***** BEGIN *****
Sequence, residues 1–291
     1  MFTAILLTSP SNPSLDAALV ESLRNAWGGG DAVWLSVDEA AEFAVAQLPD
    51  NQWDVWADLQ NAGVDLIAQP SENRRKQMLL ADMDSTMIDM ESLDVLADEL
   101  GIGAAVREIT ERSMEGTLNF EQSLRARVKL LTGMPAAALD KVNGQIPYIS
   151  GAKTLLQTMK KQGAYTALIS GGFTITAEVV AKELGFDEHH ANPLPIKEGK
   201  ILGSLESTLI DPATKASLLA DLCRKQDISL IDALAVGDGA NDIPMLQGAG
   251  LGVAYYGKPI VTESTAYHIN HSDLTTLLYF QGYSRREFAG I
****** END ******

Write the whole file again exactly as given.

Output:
Sequence, residues 1–291
     1  MFTAILLTSP SNPSLDAALV ESLRNAWGGG DAVWLSVDEA AEFAVAQLPD
    51  NQWDVWADLQ NAGVDLIAQP SENRRKQMLL ADMDSTMIDM ESLDVLADEL
   101  GIGAAVREIT ERSMEGTLNF EQSLRARVKL LTGMPAAALD KVNGQIPYIS
   151  GAKTLLQTMK KQGAYTALIS GGFTITAEVV AKELGFDEHH ANPLPIKEGK
   201  ILGSLESTLI DPATKASLLA DLCRKQDISL IDALAVGDGA NDIPMLQGAG
   251  LGVAYYGKPI VTESTAYHIN HSDLTTLLYF QGYSRREFAG I